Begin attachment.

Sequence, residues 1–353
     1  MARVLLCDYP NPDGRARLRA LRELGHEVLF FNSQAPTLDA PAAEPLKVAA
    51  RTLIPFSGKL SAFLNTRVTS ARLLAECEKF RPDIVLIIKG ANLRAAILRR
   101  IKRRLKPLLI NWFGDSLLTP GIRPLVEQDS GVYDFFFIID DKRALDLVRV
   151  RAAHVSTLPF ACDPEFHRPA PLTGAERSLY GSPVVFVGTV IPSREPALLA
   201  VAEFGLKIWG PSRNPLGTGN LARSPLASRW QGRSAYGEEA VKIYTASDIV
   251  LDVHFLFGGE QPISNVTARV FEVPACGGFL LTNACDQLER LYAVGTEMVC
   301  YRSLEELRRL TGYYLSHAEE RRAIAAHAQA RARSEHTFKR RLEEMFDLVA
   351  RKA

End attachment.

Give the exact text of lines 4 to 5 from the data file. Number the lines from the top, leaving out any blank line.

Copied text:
   101  IKRRLKPLLI NWFGDSLLTP GIRPLVEQDS GVYDFFFIID DKRALDLVRV
   151  RAAHVSTLPF ACDPEFHRPA PLTGAERSLY GSPVVFVGTV IPSREPALLA